Something else that strikes me is the apparent pull Dickey seems to have regarding the backup catcher role. Josh Thole was awarded the backup job over Erik Kratz. The line is that Thole has experience catching the knuckleball from playing with Dickey with the New York Mets. Thole is a career .253 hitter who hit .175 last season. He made just one error last season. On the flip side, Kratz is a career .219 hitter who hit .213 last season. He also made just one error. So, the argument can be made that the team benefits more with Thole. And, since he can handle the knuckleball, he should be the logical choice. Yet, when you look at this spring, Kratz was clearly the better option. He was hot. Gibbons acknowledged that he played well enough to make the team. So, is it the knuckleball that rules? Or, are the Blue Jays trying to keep their “star” happy?
In preparing for this post, I came across a very interesting piece by Richard Griffin of The Star. Griffin too sees an interesting “pull” that Dickey seems to be able to exercise. In Griffin’s piece, he discusses how Dickey has been able to alter the entire starting rotation based on where the games are and where he is most comfortable pitching.
“McGowan struggled in his first start [this season], so facing the relatively punchless Astros would have helped him. Instead, on Thursday it was Dickey in the more predictable Dome and McGowan thrown to the wolves. One would think the staff ace should draw the tougher assignment…It was a Saturday in [last] July when Dickey pitched at the Rogers Centre against the Twins. Then, after a Monday off-day, just like this, he chose to pitch on his regular turn, the finale in Cleveland rather than on the Friday in Baltimore…Last year, Dickey bumped veteran Mark Buehrle to his seventh day”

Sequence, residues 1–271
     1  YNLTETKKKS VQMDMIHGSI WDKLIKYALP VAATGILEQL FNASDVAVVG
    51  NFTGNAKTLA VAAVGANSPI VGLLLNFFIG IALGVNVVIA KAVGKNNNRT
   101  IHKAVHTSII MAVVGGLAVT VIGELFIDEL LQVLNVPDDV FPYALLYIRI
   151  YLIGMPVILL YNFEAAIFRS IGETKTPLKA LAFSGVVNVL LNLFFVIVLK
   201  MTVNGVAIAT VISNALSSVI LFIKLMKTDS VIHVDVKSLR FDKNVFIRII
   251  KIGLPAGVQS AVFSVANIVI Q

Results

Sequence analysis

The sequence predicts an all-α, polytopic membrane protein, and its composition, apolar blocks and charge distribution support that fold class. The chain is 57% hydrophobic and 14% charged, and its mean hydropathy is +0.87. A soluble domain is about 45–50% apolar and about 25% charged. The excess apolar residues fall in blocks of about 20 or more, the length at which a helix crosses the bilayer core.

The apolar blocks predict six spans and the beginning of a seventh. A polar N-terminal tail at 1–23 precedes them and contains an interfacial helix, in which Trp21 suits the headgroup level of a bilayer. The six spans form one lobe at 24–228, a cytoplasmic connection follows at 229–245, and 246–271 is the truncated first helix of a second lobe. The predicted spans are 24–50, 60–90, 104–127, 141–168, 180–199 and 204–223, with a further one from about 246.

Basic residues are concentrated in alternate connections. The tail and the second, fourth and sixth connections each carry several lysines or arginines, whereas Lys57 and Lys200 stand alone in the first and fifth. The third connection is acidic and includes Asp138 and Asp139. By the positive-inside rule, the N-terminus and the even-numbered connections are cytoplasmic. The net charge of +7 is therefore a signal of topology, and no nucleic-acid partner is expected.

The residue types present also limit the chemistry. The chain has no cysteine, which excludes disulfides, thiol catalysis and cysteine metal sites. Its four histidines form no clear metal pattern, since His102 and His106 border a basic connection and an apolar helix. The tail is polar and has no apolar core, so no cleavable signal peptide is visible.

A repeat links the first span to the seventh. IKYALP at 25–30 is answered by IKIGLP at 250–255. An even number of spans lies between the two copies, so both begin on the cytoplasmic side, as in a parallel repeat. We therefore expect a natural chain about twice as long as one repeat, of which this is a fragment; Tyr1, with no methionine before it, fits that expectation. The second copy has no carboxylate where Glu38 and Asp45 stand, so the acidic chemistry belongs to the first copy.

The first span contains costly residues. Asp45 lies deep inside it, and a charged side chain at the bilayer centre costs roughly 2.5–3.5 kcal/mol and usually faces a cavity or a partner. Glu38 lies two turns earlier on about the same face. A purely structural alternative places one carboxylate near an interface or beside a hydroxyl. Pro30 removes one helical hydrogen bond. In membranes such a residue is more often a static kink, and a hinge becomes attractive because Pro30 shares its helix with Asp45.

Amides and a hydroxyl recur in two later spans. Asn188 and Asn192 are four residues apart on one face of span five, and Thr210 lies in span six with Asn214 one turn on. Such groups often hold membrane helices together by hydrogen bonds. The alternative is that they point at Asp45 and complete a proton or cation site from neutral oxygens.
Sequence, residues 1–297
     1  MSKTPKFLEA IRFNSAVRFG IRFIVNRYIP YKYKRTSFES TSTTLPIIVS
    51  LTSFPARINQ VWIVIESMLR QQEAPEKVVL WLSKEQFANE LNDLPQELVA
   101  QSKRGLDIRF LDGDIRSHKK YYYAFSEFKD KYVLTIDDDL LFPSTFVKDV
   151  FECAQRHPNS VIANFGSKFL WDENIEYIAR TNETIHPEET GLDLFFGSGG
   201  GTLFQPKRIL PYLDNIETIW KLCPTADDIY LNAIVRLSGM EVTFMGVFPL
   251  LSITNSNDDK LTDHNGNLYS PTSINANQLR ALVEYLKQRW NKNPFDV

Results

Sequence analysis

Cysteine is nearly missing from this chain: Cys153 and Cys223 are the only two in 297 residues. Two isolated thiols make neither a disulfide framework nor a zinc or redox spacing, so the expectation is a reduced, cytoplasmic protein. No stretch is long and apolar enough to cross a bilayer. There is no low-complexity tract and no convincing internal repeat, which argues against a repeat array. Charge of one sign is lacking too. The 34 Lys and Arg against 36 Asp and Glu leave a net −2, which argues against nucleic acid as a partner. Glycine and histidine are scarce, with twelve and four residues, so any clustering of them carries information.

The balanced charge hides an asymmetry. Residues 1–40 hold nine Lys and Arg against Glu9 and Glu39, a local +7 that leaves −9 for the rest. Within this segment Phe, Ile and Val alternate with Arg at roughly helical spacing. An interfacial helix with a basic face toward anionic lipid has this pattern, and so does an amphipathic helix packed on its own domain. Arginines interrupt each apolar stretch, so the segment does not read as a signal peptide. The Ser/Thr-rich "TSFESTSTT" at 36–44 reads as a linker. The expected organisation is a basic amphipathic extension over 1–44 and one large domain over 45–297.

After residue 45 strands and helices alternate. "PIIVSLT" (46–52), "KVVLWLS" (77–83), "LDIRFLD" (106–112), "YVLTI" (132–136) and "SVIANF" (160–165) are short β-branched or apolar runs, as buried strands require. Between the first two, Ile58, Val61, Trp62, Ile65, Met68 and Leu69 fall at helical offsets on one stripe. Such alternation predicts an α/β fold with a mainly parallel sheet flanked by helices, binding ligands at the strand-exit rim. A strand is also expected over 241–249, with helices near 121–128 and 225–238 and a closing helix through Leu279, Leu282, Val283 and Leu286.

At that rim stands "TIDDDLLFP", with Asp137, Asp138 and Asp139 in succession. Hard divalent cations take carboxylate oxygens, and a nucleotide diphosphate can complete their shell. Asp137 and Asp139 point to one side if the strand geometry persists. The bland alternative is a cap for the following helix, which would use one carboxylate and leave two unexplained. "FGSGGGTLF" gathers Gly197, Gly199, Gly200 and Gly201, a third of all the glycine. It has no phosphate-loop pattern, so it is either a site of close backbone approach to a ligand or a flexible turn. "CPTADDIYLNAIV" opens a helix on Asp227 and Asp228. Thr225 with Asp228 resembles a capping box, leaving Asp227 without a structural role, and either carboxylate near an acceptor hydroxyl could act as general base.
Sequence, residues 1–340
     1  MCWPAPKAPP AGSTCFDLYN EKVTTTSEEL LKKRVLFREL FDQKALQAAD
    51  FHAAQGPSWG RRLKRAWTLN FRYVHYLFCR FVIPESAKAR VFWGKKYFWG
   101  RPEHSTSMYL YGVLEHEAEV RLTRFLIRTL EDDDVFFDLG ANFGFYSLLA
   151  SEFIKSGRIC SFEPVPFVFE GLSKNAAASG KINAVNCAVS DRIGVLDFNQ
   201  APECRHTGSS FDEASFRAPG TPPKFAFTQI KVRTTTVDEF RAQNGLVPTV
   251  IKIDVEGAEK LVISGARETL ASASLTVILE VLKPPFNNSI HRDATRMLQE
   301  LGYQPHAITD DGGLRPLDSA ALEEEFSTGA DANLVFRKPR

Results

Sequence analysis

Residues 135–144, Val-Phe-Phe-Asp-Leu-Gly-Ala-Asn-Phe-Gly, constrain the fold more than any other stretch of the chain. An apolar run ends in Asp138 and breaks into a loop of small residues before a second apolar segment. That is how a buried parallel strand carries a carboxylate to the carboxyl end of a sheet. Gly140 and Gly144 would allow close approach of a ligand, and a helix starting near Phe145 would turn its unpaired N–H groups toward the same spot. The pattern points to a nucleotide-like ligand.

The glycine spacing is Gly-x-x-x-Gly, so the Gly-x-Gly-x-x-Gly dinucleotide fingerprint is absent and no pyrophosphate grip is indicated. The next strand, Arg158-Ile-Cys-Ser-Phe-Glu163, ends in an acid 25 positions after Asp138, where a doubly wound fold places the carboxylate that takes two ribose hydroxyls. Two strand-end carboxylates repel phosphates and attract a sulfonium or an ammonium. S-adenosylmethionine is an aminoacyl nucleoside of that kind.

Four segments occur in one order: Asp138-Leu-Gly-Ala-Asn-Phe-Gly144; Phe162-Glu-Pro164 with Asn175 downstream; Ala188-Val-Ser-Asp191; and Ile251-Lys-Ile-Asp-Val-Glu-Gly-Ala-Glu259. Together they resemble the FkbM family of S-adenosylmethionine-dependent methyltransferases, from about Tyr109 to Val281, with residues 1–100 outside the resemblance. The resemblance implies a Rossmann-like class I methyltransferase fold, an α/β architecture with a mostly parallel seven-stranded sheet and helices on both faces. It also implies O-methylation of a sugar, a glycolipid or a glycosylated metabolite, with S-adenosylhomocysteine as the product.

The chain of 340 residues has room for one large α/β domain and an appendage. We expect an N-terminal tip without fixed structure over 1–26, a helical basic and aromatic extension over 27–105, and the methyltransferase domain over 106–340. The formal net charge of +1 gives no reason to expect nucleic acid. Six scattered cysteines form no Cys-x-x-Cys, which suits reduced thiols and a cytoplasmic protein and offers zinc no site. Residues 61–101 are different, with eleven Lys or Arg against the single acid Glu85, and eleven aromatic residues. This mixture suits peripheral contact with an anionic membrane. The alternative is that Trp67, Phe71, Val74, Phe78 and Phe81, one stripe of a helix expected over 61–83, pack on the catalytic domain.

It would appear that being seen as the staff “ace” Dickey has afforded a lot of input and control. The question is: Is this something the Blue Jays knew going in to a deal with the Mets and subsequently, Dickey?
In order to get Dickey from the Mets, they had to work out a contract extension. Obviously, they did. But, that brings up the challenge the Blue Jays are faced with when they pursue free agents. Players don’t seem to want to come to Toronto. They have to play on the turf, which is apparently what kept Carlos Beltran from signing. Taxes are much higher than in most other cities. And, there is the whole “winning” thing. As I discussed in my previous piece at Blue Jays From Away, there seems to be an unclear identity from ownership to guide this team. The Blue Jays are seen as a competitive team, but not a winning team. That has a huge impact on potential free agents.
Because of all of the above, the Blue Jays have to do other things to attract players. Firstly, money talks. They are forced in to a position of having to overpay for free agents. Since we know ownership is not keen to do that, they have to do something else. So, they may have to make players feel overly comfortable or special when they are here and hope they’ll turn into ambassadors for the team. That could mean providing them with little perks behind the scenes, or even giving them more input into the events or decisions on the field.
Obviously, it would behoove the Blue Jays to keep their players happy. The purpose of all of this is not to suggest they shouldn’t. The problem comes when keeping players happy costs the team a potential win. The damage of recent performances by Dickey could have been limited. The Blue Jays had to face another game Thursday evening and pulling Dickey in the 5th is obviously less than ideal. But in hindsight, it may have been the way to go. And, from the couch, hindsight is the only sight we have.